“It’s a way of imposing narrative on things,” she says, “of shaping them, externalizing them so that they’re there outside of you.”
That aspect of writing is especially evident in her most recent novel, All My Puny Sorrows (2014), which draws heavily on events that almost shattered her: her older sister, Marjorie, killed herself in 2010, almost 12 years to the day after their father took his own life. The book almost magically transforms profound devastation and grief into a cohesive narrative infused with Toews’ trademark humour and warmth.
“It seemed useful to talk about [suicide], and to write about it. Sadly, people are afraid of it. Understandably: it’s terrifying. Generally, we don’t like to talk about the things we’re afraid of because that makes them real. But if we make them real, then at least we can deal with them, as opposed to them being spectres of horror just flitting about in our imaginations.”
For Toews, there is a clear line between those, like her, who simply must write, and those for whom it is a career choice. “When people say ‘I want to be a writer. How can I get some money? How can I get an agent?’ – I don’t really know about those things. That’s ‘The Industry.’ That’s not something that I think about, and it’s a world that I try not to spend too much time in.
“’The Industry’ and ‘writing’ are different things. [For me] there’s just the joy of writing, and creating narrative. The writing is the thing. I don’t want to sound naïve or somehow disingenuous, because I am able at this point to make a living from my writing, more or less. But you’re not going to produce anything worth reading if you’re doing it to fill some sort of hole in the market.”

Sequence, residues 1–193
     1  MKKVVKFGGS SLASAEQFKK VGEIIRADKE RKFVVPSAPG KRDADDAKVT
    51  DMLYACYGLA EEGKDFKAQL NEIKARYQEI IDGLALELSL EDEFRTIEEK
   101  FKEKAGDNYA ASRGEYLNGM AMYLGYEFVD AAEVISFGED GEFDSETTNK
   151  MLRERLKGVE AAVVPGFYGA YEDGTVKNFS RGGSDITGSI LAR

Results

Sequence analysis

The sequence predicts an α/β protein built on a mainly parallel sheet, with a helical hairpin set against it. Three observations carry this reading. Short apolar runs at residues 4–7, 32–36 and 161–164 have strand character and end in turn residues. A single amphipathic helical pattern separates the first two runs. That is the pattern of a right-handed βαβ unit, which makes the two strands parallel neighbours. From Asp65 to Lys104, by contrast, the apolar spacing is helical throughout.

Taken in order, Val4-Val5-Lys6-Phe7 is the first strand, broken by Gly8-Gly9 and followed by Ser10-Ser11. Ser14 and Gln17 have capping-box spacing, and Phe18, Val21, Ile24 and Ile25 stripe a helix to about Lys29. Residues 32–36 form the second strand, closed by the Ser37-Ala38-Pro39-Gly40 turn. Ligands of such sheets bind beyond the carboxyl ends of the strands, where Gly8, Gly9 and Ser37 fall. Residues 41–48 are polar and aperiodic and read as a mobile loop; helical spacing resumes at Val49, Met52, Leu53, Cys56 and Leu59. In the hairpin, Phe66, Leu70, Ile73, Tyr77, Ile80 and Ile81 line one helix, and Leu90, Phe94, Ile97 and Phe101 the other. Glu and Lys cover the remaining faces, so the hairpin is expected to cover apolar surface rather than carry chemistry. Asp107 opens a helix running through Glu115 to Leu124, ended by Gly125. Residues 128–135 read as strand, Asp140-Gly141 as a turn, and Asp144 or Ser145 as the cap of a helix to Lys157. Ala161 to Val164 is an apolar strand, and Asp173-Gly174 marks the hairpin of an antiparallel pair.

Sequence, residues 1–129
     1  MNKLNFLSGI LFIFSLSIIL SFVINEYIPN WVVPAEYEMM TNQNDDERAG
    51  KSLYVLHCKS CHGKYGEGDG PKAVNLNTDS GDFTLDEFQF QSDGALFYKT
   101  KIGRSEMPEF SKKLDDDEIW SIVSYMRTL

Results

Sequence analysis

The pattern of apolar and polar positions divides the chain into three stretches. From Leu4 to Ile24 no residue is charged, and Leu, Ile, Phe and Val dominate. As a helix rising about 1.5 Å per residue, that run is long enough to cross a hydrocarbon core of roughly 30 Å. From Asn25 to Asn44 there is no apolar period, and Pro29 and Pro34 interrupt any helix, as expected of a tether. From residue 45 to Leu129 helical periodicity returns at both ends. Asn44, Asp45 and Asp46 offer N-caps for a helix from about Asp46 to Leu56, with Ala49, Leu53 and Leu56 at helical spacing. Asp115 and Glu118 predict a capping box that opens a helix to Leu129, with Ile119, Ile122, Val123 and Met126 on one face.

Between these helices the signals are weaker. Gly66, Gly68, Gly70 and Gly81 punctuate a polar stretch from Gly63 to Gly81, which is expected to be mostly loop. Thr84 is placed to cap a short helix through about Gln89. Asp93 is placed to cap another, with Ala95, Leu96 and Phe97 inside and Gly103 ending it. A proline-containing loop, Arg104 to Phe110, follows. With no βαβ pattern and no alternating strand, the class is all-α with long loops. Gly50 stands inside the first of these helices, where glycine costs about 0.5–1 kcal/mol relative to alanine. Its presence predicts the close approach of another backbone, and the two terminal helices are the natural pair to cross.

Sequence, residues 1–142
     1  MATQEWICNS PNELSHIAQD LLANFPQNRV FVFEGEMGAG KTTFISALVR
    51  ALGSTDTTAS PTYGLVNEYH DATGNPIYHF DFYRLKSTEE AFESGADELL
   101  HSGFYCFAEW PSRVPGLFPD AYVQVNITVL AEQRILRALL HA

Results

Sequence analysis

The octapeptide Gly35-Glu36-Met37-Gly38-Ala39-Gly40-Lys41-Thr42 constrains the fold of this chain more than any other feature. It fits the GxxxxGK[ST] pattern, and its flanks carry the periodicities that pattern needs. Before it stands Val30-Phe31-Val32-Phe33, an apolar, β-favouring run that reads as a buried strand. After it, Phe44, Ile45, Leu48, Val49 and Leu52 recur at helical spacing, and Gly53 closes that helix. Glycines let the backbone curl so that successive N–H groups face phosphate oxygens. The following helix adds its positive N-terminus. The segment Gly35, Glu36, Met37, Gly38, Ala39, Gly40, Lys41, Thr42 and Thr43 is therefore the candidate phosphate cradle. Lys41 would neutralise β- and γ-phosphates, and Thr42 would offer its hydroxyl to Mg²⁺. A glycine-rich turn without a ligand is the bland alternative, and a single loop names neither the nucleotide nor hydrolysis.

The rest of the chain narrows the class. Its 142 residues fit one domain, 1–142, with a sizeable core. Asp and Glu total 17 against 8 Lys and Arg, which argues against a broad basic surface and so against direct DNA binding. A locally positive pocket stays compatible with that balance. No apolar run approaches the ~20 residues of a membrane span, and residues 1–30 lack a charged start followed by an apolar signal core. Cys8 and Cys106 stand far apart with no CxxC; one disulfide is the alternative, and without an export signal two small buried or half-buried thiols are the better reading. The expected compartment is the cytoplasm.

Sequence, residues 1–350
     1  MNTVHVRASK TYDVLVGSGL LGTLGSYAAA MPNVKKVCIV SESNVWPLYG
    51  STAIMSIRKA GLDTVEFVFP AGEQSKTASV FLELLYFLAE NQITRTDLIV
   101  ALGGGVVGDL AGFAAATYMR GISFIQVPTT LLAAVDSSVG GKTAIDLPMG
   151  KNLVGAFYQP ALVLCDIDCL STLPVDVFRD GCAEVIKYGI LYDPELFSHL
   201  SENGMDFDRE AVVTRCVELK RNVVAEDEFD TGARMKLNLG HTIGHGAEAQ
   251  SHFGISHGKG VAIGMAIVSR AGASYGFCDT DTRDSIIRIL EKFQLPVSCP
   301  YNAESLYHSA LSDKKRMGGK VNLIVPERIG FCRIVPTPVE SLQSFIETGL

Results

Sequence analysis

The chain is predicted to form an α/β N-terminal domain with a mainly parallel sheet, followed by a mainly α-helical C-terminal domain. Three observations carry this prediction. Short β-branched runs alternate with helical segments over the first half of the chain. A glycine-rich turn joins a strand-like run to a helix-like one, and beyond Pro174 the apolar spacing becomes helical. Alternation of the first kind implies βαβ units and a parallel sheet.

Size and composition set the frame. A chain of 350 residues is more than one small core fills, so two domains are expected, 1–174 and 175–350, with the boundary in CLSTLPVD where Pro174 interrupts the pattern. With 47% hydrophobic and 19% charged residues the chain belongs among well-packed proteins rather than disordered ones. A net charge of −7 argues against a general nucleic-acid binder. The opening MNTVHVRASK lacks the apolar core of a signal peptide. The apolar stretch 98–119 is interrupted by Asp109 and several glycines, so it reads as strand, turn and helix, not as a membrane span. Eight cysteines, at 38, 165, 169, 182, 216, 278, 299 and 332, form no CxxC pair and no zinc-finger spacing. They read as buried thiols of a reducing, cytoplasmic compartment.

Despite her successes, Toews confesses that her biggest challenge is still her own internal critic. Whether this is a product of her Mennonite upbringing, or simply the uncertainty intrinsic to so many Canadians, she’s unsure.
“My parents encouraged me to do whatever I wanted to do; they were so supportive. But at the same time, I did live in that [Mennonite] community, in that day and age. Even though there were Mennonite writers, like Di Brand, who were trailblazers and mentors, there was always that nagging question, like in Alice Munro: ‘Who do I think I am? Why do I think that I have something to say, something that other people are going to want to hear?’
“It’s also from being Canadian, being a woman, being a prairie woman, being a Mennonite prairie woman… It’s like one layer after another.
“Self-doubt is a constant thing. Coming face to face with one’s limitations, shortcomings… It doesn’t matter how many years I’ve been writing. Obviously I get writer’s block and I don’t know what to write, but I think it’s [a matter of] giving myself permission, convincing myself that this is a useful thing to do.”
Toews spent the summer travelling and teaching before setting up shop at the UC Writing Centre.
“I think it’ll be a stimulating [time],” she says of the Barker Fairley post. “And hopefully I can be of use there as well – meet students, look at their writing. I love to talk about writing: it’s what I do.
“And I’m told I can even sit in on classes if I want to – I wouldn’t mind sitting in on some philosophy classes, some history, maybe some political studies.
“I’ll be very quiet, sit in the dark shadows in the back,” she says with her infectious laugh.
“Nobody needs to know I’m here,” she says, sotto voce. “Carry on with your business as usual.”